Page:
The three members of Pussy Riot sentenced to two years in prison in a trial that attracted worldwide attention are asking the warden of their pretrial detention center to let them serve out their time in Moscow instead of at a remote penal colony hundreds of miles away.
More than 2,000 prisoners have died in or en route to Russian prisons in just the last six months, according to Russia’s prosecutor general. And the young women’s lawyers, who do not expect an Oct. 1 appeal of their August sentence for hooliganism to be successful, have received threatening messages from prison employees.
“We have been promised that the colonies ‘would be prepared’ to receive our clients. There is only one reading of it: their lives are in danger,” Violetta Volkova, a lawyer for the group, said in a phone interview Tuesday morning from Washington, D.C., where she was preparing to receive a John Lennon award on behalf of Pussy Riot from Yoko Ono.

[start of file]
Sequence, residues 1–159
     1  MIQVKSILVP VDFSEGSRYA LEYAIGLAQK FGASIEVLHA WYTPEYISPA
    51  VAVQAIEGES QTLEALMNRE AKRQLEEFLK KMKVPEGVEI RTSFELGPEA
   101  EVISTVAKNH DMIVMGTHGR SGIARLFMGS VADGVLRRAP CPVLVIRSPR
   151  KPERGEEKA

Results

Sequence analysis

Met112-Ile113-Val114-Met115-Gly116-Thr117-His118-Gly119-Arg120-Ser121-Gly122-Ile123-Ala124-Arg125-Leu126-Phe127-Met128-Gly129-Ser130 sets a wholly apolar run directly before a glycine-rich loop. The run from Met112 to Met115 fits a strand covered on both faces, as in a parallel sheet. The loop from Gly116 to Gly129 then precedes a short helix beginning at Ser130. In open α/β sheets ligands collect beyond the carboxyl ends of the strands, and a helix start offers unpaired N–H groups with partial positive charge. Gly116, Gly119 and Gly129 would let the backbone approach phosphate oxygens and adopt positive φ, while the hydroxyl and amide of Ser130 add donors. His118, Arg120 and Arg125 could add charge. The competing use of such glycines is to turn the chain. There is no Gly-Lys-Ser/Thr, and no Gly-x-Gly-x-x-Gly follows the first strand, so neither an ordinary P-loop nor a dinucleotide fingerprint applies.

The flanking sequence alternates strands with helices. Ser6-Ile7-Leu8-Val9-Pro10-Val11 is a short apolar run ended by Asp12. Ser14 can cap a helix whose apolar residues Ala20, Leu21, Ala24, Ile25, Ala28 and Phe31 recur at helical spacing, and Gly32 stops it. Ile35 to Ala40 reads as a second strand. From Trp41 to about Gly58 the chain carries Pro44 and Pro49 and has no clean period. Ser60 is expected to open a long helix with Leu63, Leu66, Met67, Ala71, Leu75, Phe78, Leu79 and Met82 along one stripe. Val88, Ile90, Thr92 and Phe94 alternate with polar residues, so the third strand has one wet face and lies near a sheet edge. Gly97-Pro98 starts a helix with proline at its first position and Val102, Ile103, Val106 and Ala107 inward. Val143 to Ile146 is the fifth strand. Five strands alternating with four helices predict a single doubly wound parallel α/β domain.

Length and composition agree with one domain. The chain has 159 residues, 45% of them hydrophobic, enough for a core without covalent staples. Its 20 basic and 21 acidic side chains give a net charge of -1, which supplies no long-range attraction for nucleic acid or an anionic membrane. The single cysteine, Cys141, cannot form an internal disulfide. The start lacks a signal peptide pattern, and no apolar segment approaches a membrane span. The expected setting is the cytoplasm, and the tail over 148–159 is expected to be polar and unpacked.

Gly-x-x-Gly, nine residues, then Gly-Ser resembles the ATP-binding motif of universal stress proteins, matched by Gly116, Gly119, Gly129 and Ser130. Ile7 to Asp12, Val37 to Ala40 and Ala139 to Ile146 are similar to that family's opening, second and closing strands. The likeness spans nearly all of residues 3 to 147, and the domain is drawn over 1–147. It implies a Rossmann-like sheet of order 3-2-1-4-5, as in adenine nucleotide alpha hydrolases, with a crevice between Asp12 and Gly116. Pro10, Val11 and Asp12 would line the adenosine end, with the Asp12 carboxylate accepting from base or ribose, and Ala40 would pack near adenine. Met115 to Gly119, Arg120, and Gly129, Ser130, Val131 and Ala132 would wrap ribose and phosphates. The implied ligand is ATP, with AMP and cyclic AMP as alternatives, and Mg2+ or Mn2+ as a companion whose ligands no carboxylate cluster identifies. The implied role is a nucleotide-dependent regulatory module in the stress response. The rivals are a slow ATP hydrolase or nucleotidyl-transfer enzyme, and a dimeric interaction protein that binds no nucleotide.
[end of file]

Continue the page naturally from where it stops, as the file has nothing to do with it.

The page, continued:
Volkova said she was afraid that anything, “from rape to murder,” could transpire in the remote women’s prisons. The transportation stage from Moscow to a penal colony, known as the “etap” and filled with its own hazing rituals, is what rights defenders fear most. Twenty or more prisoners are packed into train compartments meant for four people, and such trips can last several days.
“The train stops at every jail along the way. The most violence takes place on the train and during the transit stops,” said Lev Ponamaryov, the leader of the For Human Rights movement, which monitors violations in Russian prisons.
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